The go around is another thing I have learned to love about the 737. As an MD80 pilot, a go around was an exceptionally busy procedure. The standard litany went something like this: "Go around, flaps 15, positive rate, gear up, set missed approach altitude, heading hold, NAV." The flight director would command the pitch attitude, the auto throttles would automatically advance the engines to full go around thrust and the airplane would point to the moon with an initial climb rate often enough to max out the vertical speed indicator. The pilot still had to reduce the rate of climb passing 1,000 feet, retract flaps and level off at the missed approach altitude…all while navigating the required ground track.
Since we rarely perform the procedure and they often occur without warning, a go around almost always makes for a busy cockpit.
The procedure is slightly more simple on the 737. A single push of the TOGA button (Take Off/ Go Around) results in the flight director commanding the necessary pitch attitude to climb and an increase in thrust on the engines just enough to attain an easy to manage 1,000 foot per minute climb. If desired, a second push of the TOGA button results in a full power go around. The airplane also has an “auto bug up” feature that automatically displays the speed at which flaps should be retracted and automatically engages GPS navigation. The pilot is still responsible for raising the gear and flaps on schedule, but just about everything else happens on its own.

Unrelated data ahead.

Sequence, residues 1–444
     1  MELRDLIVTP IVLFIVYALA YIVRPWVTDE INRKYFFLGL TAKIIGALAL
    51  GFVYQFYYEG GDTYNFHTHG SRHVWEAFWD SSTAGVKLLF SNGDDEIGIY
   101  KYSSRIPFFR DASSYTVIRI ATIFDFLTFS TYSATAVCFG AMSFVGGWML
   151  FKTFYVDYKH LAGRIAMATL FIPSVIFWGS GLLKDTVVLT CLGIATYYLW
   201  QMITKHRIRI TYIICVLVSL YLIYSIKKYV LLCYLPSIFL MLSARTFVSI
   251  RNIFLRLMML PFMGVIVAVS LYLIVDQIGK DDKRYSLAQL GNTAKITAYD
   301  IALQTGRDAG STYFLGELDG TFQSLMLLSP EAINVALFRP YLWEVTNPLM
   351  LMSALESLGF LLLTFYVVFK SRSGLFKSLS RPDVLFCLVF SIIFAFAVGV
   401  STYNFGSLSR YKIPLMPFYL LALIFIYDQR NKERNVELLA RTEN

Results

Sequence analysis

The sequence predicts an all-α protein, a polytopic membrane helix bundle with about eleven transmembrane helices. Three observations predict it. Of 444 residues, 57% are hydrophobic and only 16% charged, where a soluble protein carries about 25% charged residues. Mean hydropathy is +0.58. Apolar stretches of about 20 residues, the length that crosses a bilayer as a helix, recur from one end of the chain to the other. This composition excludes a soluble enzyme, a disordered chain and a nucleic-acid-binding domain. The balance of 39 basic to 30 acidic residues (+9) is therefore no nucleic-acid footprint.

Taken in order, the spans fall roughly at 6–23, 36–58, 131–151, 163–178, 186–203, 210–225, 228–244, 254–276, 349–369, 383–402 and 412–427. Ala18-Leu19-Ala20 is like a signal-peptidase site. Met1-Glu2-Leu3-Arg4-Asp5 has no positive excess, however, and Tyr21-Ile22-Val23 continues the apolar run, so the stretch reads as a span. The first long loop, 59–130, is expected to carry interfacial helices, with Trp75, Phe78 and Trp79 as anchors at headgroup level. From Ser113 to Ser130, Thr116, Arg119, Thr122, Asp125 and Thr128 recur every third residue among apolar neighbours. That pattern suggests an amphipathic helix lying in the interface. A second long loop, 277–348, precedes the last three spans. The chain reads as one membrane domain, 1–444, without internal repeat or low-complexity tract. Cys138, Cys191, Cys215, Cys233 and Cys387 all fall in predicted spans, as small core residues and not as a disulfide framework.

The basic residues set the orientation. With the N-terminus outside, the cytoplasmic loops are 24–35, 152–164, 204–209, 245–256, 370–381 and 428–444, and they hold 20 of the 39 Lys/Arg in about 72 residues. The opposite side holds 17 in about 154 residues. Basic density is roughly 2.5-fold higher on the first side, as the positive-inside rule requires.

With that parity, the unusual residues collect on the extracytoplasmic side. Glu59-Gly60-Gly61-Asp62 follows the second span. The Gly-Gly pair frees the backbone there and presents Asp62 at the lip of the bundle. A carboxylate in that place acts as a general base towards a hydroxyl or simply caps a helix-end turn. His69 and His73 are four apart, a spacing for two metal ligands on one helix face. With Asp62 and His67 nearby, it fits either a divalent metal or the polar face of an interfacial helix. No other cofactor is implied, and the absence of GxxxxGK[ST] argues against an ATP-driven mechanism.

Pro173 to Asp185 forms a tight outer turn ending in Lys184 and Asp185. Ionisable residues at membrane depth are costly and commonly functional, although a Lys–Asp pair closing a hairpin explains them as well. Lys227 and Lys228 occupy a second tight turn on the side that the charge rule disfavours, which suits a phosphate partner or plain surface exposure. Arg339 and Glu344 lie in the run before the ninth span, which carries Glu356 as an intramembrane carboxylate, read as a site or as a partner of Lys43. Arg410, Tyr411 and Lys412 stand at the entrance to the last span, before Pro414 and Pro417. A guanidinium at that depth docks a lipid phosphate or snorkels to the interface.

|Usually pressed with the pilot's index finger, the black button below the throttle handle engages TOGA.|
With nothing to see out the windows but water, the captain responded to the go around call and even with all the traffic in the area, we were tracking the localizer for another attempt within ten minutes. Pilots don’t like to go around. Regardless of policy removing any blame from the cockpit, a go around usually feels like a failure. The airplane in front of us managed to land and the one behind us got in as well. It all came down to timing with respect to a thin line of heavy rain. Our timing was bad, but the end result was the safe operation of our flight...and no one questioned the decision to go around.
Thanks to the tailwind we enjoyed on our west to east flight, we were at the gate running the Parking Checklist fifteen minutes before scheduled arrival.